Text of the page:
A few years ago the vehicle manufacturer I was working for was looking for evidence to support their suspicion a certain employee was taking vehicles home at night without permission.
Sure enough, the GPS system of one particular vehicle had been set to his “Home,” and the “Recently Found” locations stored in the system were places he was known to have visited after work. These two discoveries combined were considered enough to begin “disciplinary proceedings” with the employee.
|Thoroughly disconnecting a vehicle from its owner when it changes hands can prevent problems from occurring and also help avoid unwanted costs.|
No doubt, vehicles’ onboard computers have long been able to store data such as operating conditions, vehicle speed, engine data and various driver inputs, all of which are commonly used to diagnose drivability concerns and also assist in accident investigations and reconstruction. But these drivability records generally don’t need to be cleared, reset or managed when the vehicle changes hands because there’s pretty much no risk to the customer from this stored information when it comes time to sell or trade in the vehicle.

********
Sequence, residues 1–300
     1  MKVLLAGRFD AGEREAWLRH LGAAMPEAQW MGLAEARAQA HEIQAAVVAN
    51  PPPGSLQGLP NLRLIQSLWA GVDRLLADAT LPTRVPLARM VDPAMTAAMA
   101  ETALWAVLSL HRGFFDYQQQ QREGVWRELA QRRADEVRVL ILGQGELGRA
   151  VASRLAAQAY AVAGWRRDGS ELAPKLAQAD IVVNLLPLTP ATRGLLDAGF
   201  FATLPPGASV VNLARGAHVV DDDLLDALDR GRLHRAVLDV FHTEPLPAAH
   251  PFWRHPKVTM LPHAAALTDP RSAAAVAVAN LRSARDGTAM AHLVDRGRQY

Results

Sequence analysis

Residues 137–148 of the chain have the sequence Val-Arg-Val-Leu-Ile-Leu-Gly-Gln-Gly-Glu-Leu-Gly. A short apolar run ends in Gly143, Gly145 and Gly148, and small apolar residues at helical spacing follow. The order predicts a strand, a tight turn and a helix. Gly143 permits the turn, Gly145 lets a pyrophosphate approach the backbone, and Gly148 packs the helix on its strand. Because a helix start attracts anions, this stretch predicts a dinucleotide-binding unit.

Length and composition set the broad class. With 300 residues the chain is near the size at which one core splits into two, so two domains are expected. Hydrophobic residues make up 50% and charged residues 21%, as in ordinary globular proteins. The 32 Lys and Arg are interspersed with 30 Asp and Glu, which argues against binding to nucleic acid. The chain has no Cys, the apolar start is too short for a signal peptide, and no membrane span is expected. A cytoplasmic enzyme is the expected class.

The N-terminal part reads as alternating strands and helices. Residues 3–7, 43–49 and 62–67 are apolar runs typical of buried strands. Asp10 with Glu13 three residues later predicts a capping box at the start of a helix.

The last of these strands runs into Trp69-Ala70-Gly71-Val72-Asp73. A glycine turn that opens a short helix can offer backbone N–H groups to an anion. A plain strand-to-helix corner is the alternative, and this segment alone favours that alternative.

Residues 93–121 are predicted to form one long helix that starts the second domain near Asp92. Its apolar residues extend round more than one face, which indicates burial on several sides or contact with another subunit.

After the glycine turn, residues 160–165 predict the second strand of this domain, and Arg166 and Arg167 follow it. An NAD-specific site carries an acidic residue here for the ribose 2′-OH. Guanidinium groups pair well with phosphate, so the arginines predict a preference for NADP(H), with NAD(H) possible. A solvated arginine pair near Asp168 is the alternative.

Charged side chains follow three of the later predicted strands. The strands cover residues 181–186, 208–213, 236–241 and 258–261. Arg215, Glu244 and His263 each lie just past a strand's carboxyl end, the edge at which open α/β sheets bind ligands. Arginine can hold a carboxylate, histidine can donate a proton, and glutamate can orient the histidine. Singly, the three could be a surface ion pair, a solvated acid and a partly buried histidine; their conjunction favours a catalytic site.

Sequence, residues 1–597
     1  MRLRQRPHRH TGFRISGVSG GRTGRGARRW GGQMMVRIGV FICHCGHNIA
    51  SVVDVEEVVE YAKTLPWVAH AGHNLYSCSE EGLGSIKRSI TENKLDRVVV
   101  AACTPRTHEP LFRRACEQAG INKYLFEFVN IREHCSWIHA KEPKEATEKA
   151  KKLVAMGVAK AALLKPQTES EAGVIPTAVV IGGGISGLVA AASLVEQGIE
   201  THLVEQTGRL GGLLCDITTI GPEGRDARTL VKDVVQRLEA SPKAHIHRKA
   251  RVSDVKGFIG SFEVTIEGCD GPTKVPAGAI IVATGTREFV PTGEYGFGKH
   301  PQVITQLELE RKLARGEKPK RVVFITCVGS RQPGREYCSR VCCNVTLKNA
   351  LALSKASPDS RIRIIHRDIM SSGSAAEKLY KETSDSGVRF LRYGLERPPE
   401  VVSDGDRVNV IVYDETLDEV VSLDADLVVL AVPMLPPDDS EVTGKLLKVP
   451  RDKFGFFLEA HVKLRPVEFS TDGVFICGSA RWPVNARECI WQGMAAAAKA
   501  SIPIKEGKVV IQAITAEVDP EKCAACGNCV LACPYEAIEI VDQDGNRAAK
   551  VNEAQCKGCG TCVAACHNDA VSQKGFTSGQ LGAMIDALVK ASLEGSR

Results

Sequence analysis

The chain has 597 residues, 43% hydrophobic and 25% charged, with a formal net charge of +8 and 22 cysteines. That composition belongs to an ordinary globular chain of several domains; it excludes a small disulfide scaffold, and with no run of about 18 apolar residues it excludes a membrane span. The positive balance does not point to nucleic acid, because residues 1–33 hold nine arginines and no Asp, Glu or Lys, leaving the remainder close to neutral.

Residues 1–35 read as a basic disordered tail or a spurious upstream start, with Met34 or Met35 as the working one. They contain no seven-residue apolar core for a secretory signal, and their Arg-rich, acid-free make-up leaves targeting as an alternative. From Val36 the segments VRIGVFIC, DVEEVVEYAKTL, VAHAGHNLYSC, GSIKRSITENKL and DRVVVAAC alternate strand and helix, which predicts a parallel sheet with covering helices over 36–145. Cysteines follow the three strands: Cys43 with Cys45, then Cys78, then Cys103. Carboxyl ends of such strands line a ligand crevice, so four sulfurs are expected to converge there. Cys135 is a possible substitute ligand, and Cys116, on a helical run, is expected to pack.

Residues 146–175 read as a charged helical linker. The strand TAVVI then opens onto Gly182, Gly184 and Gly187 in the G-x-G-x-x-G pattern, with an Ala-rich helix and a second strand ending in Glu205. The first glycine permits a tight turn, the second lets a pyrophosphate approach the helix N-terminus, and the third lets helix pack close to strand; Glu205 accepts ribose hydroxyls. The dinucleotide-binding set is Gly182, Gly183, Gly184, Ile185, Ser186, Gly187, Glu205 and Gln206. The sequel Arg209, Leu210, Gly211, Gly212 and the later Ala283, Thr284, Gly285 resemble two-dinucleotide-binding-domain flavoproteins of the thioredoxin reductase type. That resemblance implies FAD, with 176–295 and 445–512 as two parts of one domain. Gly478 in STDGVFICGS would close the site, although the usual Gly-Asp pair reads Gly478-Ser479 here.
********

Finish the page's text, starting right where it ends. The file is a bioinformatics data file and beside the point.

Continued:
However, the data stored in vehicles from connecting to a customer’s phone, home and online life is another matter. Not managing this data properly can definitely lead to problems down the road, and depending on who crosses paths with the vehicle and what their intentions are this can lead to big problems indeed, far worse than just suggesting that someone was borrowing a vehicle at night without permission.
Many vehicles can and do store sensitive, private information such as passwords for social media sites, voice commands, addresses, phone numbers, photos, music, garage door codes and even more (depending on the vehicle) – all which can lead to problems much worse than the problems that come from losing a wallet or cell phone if the data falls into the wrong hands. And some vehicles will copy and store data from devices they connect to without the customer even being aware that the data was ever copied. Yikes!
Fact is, vehicles are now so “connected” to their owners lives that they need to be actively disconnected, reset, unsubscribed and wiped clean before they change hands to prevent security problems and surprise fees from developing down the road — and also as a courtesy so the new owner can connect to the vehicle themselves without encountering problems from previously stored data. It’s just a smart thing to do.
And simply trusting that the data will be responsibly removed or managed by the next owner and anyone else involved in the resale process (and also assuming that they’ll figure out how to do this) just isn’t enough to prevent problems. Nowadays techs and shop owners need to know how to “disconnect” owners from vehicles to protect their customers from trouble developing later on.
|Ensure there are no media devices left plugged into the system, especially in the rear seats and consoles.|